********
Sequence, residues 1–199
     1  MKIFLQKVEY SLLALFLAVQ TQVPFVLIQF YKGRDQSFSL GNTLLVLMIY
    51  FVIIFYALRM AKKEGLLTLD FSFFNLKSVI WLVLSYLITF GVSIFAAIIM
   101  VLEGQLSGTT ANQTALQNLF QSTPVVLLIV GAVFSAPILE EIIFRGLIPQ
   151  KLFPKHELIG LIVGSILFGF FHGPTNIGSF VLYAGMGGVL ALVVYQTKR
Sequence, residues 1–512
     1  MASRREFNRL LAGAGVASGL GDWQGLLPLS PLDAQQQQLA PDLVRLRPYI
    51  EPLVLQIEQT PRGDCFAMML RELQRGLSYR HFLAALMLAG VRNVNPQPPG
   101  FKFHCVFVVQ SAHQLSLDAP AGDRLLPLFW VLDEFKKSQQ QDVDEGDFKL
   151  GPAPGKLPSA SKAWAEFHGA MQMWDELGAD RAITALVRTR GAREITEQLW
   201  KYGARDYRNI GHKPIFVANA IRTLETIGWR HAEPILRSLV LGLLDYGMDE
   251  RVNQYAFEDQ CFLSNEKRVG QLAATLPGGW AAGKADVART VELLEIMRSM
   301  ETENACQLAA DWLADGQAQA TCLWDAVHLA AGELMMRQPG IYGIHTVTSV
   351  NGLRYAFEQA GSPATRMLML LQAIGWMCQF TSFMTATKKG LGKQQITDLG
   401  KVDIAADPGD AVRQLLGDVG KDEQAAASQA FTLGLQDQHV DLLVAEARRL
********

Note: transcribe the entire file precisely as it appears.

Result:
Sequence, residues 1–199
     1  MKIFLQKVEY SLLALFLAVQ TQVPFVLIQF YKGRDQSFSL GNTLLVLMIY
    51  FVIIFYALRM AKKEGLLTLD FSFFNLKSVI WLVLSYLITF GVSIFAAIIM
   101  VLEGQLSGTT ANQTALQNLF QSTPVVLLIV GAVFSAPILE EIIFRGLIPQ
   151  KLFPKHELIG LIVGSILFGF FHGPTNIGSF VLYAGMGGVL ALVVYQTKR
Sequence, residues 1–512
     1  MASRREFNRL LAGAGVASGL GDWQGLLPLS PLDAQQQQLA PDLVRLRPYI
    51  EPLVLQIEQT PRGDCFAMML RELQRGLSYR HFLAALMLAG VRNVNPQPPG
   101  FKFHCVFVVQ SAHQLSLDAP AGDRLLPLFW VLDEFKKSQQ QDVDEGDFKL
   151  GPAPGKLPSA SKAWAEFHGA MQMWDELGAD RAITALVRTR GAREITEQLW
   201  KYGARDYRNI GHKPIFVANA IRTLETIGWR HAEPILRSLV LGLLDYGMDE
   251  RVNQYAFEDQ CFLSNEKRVG QLAATLPGGW AAGKADVART VELLEIMRSM
   301  ETENACQLAA DWLADGQAQA TCLWDAVHLA AGELMMRQPG IYGIHTVTSV
   351  NGLRYAFEQA GSPATRMLML LQAIGWMCQF TSFMTATKKG LGKQQITDLG
   401  KVDIAADPGD AVRQLLGDVG KDEQAAASQA FTLGLQDQHV DLLVAEARRL